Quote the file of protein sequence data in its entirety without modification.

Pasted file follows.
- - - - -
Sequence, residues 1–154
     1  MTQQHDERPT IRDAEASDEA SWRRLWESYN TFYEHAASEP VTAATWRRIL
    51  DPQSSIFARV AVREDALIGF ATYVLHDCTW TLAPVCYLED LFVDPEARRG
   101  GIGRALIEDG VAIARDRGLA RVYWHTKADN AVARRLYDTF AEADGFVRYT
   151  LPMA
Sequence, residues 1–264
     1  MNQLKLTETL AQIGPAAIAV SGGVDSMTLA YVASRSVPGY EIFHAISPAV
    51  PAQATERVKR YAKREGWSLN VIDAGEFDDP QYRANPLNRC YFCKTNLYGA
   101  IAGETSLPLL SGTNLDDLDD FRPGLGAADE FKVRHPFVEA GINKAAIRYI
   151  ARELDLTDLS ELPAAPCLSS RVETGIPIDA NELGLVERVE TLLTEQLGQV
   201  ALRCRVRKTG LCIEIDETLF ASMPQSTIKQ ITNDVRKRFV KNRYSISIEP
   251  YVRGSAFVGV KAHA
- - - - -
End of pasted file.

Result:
Sequence, residues 1–154
     1  MTQQHDERPT IRDAEASDEA SWRRLWESYN TFYEHAASEP VTAATWRRIL
    51  DPQSSIFARV AVREDALIGF ATYVLHDCTW TLAPVCYLED LFVDPEARRG
   101  GIGRALIEDG VAIARDRGLA RVYWHTKADN AVARRLYDTF AEADGFVRYT
   151  LPMA
Sequence, residues 1–264
     1  MNQLKLTETL AQIGPAAIAV SGGVDSMTLA YVASRSVPGY EIFHAISPAV
    51  PAQATERVKR YAKREGWSLN VIDAGEFDDP QYRANPLNRC YFCKTNLYGA
   101  IAGETSLPLL SGTNLDDLDD FRPGLGAADE FKVRHPFVEA GINKAAIRYI
   151  ARELDLTDLS ELPAAPCLSS RVETGIPIDA NELGLVERVE TLLTEQLGQV
   201  ALRCRVRKTG LCIEIDETLF ASMPQSTIKQ ITNDVRKRFV KNRYSISIEP
   251  YVRGSAFVGV KAHA